Recently I was co-speaking at the conference which gathered companies doing business in a pharmaceutical sector. Speakers were delivering speeches about recent legislative developments and I was talking about changes in anti-corruption sphere. My initial observations revealed that anti-corruption topic was far from the top in the list of existing problems the audience was dealing with. Frankly speaking, not much of them, in my opinion, ever took the anti-corruption regulations seriously. As one of attendees mentioned during the coffee break, currently the main aim for the businesses is to survive. Tax inspections, strict labor regulations, licensing and other regulatory issues leave no time to think about anti-corruption compliance.
But if you think about real reasons for such relaxed attitude, the answer is on the ground. There were several updates and improvements to anti-corruption laws, but they always lacked enforcement. So our laws may be as strict as UK Bribery Act, but until we have our own Serious Fraud Office, these laws are mere façade for international community.
The positive news are that similar authorities enforcing anti-corruption laws will soon (hopefully) be established in Ukraine. National Anti-corruption Bureau of Ukraine (NABU) will investigate corruption in public sector while National Corruption Prevention Agency (NCPA) will, as its name suggests, deal with prevention and assessment of corruption. The question is when (the process of establishment of both authorities already took much longer than expected), but the most valuable question is how.
Leaving aside NABU for a while, which will concentrate on a high profile corruption cases, I would like to speculate on the role of National Corruption Prevention Agency in the future fight against corruption in Ukraine.
NCPA may follow Slovenian anti-corruption authority approaches, which is quite similar with the Ukrainian authority in terms of powers. I’m recalling my meeting with the expert of the Slovenian authority, where he was passionately telling about their successes and role of the Anti-corruption Agency as a main driver for anti-corruption efforts. The Agency took proactive approach: one of their activity was to monitor and to analyze information about expenses of all officials (through the specially developed software) and, once inconsistencies revealed, to pass information to law-enforcement authorities for further investigation. If responsible body was unwilling to take action the Agency engaged media to attract public attention to the issue. And quite soon results became visible – Slovenia significantly improved its positions in different anti-corruption rankings.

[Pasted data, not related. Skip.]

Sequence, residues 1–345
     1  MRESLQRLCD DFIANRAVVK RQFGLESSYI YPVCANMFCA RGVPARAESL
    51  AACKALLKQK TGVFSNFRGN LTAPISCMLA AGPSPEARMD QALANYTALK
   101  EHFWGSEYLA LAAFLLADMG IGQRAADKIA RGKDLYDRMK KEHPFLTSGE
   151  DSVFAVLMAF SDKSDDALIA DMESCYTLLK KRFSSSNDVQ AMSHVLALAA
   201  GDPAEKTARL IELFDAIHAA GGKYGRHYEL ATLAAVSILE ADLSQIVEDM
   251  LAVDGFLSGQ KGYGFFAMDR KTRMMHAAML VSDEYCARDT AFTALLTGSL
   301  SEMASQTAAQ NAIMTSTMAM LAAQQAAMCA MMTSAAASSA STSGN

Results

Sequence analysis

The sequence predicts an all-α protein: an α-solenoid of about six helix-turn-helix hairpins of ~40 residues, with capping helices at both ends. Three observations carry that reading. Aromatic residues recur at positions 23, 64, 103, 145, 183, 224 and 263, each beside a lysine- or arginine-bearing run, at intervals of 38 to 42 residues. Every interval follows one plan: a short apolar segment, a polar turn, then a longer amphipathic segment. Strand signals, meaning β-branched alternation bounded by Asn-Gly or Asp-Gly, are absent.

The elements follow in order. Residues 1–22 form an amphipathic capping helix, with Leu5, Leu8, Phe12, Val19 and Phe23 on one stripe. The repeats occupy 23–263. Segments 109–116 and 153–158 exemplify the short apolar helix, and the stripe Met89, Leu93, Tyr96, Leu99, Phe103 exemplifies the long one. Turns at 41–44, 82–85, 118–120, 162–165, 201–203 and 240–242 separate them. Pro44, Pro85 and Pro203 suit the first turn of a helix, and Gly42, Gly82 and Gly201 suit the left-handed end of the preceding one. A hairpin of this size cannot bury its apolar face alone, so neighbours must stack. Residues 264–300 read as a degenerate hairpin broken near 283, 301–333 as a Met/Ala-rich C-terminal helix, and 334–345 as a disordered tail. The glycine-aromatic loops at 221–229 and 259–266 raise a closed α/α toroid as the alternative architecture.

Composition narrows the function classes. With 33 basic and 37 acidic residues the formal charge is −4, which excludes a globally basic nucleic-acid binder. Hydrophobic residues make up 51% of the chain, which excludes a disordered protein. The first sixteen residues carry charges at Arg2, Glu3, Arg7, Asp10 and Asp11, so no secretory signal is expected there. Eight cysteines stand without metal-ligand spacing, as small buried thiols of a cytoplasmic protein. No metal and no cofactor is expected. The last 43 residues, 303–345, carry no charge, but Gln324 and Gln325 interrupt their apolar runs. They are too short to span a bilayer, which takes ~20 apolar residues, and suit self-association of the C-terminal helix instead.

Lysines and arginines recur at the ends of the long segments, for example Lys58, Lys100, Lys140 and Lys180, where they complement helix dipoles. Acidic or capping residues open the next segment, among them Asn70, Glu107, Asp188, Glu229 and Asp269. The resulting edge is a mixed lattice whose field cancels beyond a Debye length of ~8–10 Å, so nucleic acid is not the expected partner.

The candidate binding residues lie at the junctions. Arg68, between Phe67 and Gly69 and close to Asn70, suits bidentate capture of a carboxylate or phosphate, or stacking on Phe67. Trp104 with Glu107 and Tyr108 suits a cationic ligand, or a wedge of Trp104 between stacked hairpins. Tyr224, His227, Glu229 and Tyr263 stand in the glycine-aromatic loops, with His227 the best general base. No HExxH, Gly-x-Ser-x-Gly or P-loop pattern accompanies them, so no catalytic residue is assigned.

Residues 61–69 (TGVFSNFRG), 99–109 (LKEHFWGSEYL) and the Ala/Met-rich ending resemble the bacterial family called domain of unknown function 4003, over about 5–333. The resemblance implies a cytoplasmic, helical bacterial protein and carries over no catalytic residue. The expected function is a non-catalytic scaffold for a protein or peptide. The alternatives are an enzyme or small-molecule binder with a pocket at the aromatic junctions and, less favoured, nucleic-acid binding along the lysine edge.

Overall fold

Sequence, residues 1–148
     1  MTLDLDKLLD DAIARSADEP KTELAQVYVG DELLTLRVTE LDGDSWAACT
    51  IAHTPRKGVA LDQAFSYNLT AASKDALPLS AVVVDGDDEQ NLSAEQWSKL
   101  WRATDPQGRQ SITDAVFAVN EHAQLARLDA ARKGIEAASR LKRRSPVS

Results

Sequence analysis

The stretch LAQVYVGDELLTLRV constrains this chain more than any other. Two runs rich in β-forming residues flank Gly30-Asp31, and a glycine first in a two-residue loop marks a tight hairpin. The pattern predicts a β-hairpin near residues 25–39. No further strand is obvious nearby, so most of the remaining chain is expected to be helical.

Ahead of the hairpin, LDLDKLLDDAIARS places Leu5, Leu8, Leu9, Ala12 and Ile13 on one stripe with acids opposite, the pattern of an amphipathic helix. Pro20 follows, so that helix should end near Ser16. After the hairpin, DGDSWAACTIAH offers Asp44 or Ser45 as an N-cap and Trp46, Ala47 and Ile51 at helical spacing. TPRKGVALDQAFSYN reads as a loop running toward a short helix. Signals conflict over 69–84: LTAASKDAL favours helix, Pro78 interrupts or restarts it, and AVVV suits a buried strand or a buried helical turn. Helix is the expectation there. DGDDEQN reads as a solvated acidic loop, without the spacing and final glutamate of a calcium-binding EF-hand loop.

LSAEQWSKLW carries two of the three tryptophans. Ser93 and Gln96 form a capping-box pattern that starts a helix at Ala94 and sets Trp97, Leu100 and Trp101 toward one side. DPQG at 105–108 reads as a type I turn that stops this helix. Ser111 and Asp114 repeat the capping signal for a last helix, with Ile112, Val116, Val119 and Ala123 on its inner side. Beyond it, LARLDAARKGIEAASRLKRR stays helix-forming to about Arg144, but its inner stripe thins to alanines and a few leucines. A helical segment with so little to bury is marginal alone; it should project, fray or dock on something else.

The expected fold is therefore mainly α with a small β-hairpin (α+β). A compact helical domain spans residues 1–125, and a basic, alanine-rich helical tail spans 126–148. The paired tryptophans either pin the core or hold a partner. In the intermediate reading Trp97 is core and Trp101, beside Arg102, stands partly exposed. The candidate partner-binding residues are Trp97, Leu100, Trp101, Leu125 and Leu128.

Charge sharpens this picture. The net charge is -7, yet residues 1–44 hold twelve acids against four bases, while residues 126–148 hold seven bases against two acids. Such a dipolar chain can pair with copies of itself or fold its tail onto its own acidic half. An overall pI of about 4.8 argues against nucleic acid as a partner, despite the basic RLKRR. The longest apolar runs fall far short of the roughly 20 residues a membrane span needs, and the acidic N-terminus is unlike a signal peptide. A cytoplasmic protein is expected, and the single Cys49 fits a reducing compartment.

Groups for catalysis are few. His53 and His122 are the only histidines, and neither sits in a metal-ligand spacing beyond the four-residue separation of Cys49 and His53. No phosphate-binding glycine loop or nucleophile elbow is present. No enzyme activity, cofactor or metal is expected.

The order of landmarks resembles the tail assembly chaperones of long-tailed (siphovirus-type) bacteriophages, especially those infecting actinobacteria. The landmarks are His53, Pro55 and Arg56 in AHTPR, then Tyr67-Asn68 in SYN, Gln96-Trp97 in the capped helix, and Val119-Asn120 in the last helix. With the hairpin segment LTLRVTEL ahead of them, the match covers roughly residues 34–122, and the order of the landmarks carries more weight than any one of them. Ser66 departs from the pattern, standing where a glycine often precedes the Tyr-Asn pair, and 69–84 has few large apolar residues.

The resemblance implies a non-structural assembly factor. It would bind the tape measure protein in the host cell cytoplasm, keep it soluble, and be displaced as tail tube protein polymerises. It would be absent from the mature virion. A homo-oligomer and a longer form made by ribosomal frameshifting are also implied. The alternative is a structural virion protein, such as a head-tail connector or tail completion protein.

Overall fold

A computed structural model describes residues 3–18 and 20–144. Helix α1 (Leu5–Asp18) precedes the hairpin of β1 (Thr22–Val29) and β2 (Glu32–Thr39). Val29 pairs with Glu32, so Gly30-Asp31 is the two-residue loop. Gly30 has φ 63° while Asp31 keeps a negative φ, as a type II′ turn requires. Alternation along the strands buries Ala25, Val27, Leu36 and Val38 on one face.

Currently NCPA (some may notice that abbreviation sounds almost like FCPA) has all necessary instruments to repeat Slovenian Agency's success. It has necessary financing, broad powers and vote of confidence from the society. One of its powers is to issue orders obliging to stop anti-corruption offence. If the person or company does not react the Agency has a right to bring the offender to liability or, with regards to more serious offences, to pass information to competent law-enforcement authorities and to request a report on taken actions.
For example, current anti-corruption law requires any company to ensure development and enforcement of measures which are necessary and justified (you may notice a trail of UK Bribery Act here) to prevent corruption in the activities of such company. NCPA can potentially request information on implemented measures and open the case if the company failed to implement them.
So yes – the main question is how. And speculating about it I remain quite positive about the future role of NCPA, despite some worrying reports (follow the link, in Russian only). And I truly believe that joint efforts of Ukrainian compliance community and other concerned people will help the Agency to follow the right path.
In my next posts I will expand on the new requirements of anti-corruption law and measures to be implemented by the companies in order to avoid the risks of being targeted by NCPA.
Igor is an associate at the global law firm. His practice focuses on anti-corruption compliance, life sciences and public procurement areas. Igor assists major international and local companies with development and implementation of anti-corruption policies and advises on various compliance matters.
He also chairs Anti-Corruption Working Group at the American Chamber of Commerce in Ukraine. As part of his activities there Igor participates in the development of Ukrainian anti-corruption legislation and assessment of its impact on all types of businesses.